Despite such caveats, the results presented by Ray et al. warrant serious attention. A chief strength of the results is the time-limited pattern of the risk: the azithromycin-associated increase in the rates of death from any cause and from cardiovascular causes spanned days 1 through 5, reflecting the typical 5-day duration of azithromycin administration (e.g., Zithromax Z-Pak). On days 6 through 10, an elevated risk of death from cardiovascular causes was no longer detected. This pattern is consistent with the timing of peak plasma azithromycin concentrations and the concomitant risk of QT-interval prolongation. The elevated risk was statistically significant, regardless of whether azithromycin treatment was compared with amoxicillin or with nonuse of an antibacterial drug. Furthermore, the observed excess mortality was attributable solely to cardiovascular deaths and, in particular, to sudden cardiac death; although sudden cardiac death can result from causes other than arrhythmias, an increase in deaths in this category would be the pattern expected from an arrhythmogenic, QT-interval–prolonging drug. Also, the azithromycin-associated risk was higher among patients with cardiovascular disorders, which is consistent with a drug-related arrhythmia.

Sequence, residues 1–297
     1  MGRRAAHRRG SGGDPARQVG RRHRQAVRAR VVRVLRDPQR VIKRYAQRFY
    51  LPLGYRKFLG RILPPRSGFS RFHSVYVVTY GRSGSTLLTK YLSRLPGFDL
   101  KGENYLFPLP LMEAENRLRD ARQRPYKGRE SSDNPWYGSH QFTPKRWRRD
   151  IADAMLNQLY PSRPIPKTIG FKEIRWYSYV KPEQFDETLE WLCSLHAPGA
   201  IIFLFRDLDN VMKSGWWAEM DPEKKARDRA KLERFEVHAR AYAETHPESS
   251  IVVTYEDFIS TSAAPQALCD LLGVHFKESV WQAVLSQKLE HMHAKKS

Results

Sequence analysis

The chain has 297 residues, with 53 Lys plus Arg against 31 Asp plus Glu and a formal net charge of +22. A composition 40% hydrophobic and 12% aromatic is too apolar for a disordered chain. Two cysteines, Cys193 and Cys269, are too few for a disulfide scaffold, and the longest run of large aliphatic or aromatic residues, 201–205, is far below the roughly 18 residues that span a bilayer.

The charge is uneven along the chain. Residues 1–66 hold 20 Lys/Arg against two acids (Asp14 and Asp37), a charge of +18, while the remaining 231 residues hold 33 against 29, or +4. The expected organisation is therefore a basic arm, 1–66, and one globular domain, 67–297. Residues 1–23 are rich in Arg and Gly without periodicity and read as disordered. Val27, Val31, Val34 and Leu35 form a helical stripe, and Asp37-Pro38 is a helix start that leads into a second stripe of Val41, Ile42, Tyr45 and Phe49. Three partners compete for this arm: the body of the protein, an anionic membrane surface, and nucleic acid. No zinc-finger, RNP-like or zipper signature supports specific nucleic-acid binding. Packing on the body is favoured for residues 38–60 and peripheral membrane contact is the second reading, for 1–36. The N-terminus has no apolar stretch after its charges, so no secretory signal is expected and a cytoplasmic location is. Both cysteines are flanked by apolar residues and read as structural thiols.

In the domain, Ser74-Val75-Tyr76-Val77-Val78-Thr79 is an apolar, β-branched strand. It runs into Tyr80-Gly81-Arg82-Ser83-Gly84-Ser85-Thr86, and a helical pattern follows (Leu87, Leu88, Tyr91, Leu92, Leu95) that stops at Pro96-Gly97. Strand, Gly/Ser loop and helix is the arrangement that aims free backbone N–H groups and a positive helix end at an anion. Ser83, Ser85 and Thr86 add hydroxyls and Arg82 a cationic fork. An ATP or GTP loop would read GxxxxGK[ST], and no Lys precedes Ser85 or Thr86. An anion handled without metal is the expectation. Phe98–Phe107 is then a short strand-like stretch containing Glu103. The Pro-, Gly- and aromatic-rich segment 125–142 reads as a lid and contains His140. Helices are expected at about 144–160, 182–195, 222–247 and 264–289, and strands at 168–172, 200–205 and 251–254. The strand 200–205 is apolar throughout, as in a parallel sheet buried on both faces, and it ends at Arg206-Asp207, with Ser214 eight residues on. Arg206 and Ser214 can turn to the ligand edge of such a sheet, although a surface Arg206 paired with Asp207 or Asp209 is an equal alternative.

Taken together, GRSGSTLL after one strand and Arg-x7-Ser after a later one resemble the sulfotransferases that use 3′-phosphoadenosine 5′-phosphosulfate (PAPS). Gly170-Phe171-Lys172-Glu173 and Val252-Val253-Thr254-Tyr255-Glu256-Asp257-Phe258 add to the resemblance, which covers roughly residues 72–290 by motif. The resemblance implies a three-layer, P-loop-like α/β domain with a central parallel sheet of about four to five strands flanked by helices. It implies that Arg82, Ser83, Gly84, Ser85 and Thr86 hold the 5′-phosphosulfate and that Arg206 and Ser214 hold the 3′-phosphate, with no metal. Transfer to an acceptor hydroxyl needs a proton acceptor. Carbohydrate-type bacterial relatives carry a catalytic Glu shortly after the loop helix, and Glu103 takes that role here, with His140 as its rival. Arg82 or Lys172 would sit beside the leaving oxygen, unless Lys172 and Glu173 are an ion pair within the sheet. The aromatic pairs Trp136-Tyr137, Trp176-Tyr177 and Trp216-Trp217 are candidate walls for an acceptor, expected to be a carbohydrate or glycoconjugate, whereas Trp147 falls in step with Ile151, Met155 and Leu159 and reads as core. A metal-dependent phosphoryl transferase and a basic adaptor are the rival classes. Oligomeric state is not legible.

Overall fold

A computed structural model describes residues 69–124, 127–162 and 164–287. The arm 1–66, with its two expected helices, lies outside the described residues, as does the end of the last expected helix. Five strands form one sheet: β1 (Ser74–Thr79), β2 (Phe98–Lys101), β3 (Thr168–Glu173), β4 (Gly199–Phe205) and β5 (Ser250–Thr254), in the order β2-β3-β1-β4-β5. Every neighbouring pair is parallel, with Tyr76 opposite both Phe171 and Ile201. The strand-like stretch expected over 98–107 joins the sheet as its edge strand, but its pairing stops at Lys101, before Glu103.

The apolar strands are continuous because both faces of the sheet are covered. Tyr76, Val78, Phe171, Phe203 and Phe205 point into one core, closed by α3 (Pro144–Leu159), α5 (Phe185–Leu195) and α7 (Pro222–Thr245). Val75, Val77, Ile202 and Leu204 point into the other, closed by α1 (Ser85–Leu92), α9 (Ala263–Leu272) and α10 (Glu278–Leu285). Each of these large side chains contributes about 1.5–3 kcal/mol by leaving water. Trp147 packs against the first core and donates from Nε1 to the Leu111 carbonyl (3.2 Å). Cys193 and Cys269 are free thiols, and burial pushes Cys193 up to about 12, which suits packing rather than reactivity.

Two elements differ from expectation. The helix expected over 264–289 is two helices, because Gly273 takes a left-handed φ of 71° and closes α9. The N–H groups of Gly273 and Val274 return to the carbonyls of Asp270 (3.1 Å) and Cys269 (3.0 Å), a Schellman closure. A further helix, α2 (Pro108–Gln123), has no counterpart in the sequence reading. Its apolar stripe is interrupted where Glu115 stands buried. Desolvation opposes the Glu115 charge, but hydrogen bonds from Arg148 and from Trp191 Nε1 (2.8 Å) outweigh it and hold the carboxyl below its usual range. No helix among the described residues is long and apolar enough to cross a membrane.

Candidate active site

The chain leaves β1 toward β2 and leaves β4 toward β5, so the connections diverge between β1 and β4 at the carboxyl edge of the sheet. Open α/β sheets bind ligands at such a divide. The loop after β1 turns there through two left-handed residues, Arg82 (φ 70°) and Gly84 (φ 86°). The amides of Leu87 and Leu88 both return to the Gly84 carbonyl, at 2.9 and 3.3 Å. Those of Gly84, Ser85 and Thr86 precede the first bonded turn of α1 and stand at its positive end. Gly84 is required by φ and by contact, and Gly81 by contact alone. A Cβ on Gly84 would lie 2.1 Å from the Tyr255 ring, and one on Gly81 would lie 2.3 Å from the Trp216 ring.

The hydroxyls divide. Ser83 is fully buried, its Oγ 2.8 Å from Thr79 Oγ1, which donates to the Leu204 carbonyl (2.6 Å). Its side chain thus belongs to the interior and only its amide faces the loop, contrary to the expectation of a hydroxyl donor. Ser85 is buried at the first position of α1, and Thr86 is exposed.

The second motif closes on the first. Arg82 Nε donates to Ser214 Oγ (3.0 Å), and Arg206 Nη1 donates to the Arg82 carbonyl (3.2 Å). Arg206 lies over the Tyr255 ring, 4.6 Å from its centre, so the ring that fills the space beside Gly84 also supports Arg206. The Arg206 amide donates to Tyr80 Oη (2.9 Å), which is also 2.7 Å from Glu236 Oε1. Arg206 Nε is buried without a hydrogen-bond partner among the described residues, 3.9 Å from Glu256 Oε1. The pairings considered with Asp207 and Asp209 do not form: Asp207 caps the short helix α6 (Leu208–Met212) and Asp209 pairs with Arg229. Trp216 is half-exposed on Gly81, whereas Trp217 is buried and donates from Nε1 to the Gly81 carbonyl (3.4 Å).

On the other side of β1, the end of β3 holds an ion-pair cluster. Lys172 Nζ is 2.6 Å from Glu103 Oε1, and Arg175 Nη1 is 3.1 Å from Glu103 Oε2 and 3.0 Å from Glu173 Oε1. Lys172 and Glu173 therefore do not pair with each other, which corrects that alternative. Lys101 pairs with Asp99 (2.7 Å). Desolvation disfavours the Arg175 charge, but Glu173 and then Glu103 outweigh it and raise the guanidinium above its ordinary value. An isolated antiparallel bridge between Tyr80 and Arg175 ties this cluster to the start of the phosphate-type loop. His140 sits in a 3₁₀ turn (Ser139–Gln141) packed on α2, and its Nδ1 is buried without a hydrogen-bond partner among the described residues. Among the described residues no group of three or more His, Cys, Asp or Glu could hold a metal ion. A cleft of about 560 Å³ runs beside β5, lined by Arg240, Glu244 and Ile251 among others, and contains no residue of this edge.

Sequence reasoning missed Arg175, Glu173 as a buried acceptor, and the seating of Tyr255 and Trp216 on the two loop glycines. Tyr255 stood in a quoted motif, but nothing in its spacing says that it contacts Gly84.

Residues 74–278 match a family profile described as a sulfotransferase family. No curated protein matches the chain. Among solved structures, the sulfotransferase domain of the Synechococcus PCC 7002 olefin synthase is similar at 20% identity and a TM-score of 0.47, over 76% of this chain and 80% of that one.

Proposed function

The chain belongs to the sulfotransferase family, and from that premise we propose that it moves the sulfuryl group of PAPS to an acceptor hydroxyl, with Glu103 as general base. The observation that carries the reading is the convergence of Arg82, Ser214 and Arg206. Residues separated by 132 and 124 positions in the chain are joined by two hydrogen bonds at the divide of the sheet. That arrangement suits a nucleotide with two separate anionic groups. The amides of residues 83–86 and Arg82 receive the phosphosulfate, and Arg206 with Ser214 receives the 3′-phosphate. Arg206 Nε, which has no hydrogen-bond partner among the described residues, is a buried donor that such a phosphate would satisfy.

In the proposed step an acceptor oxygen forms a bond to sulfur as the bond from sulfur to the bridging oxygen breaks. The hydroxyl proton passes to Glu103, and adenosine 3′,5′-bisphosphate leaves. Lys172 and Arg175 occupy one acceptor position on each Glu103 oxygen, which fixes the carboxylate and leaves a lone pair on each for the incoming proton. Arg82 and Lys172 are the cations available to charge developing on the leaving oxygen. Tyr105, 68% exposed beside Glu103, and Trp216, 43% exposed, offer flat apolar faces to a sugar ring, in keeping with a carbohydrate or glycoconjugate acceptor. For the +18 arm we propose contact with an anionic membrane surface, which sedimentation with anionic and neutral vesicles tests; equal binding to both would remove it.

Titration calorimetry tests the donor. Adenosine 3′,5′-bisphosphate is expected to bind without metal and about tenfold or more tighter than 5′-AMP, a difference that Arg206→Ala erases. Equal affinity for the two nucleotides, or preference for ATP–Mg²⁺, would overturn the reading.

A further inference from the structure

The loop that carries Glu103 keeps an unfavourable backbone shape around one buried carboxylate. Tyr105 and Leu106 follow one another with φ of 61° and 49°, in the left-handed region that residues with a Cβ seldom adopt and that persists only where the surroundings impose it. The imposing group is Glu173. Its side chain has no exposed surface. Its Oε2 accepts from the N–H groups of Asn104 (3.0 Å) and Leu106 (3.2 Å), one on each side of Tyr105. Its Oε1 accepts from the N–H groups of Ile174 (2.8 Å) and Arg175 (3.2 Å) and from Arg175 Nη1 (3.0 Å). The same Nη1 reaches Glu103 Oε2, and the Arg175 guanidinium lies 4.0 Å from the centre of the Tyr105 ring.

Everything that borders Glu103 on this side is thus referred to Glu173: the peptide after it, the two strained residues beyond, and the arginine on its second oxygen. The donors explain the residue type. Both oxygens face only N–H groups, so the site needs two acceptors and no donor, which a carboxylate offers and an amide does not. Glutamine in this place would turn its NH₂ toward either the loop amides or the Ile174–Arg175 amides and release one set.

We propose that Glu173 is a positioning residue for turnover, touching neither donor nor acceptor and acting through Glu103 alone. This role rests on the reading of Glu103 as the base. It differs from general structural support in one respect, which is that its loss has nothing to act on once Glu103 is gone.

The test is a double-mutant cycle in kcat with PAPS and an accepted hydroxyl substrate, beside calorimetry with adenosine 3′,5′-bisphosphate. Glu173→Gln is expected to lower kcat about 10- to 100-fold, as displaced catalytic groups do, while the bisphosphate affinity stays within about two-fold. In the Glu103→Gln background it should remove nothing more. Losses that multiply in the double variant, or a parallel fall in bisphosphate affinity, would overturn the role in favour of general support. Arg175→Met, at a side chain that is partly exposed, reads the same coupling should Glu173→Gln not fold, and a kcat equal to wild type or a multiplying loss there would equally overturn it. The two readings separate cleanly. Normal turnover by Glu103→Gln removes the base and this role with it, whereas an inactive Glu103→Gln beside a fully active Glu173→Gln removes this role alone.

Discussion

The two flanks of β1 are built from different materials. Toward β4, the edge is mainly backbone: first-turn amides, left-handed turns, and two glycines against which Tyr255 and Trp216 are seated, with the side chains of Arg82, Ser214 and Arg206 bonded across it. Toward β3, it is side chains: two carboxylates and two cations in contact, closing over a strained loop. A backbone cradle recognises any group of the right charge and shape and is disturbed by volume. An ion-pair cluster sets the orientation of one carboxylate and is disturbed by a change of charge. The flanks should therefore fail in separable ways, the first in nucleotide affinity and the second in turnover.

The results of the FDA-sponsored study have led the agency to review its approach to other 300-mg extended-release generic bupropion products. The agency has determined that direct bioequivalence studies using the 300-mg strength of the brand-name and generic products are appropriate and feasible. Accordingly, the FDA has requested that other makers of generic extended-release bupropion hydrochloride (Anchen, Actavis, Watson, and Mylan) perform bioequivalence studies of their 300-mg products. The agency is also updating its bioequivalence guidance for these products. As new information regarding these products becomes available, the agency will take any appropriate regulatory actions and will inform the public. Patients who are taking the 300-mg strength of generic extended-release bupropion products and have questions about their medication should be encouraged to speak with their health care provider.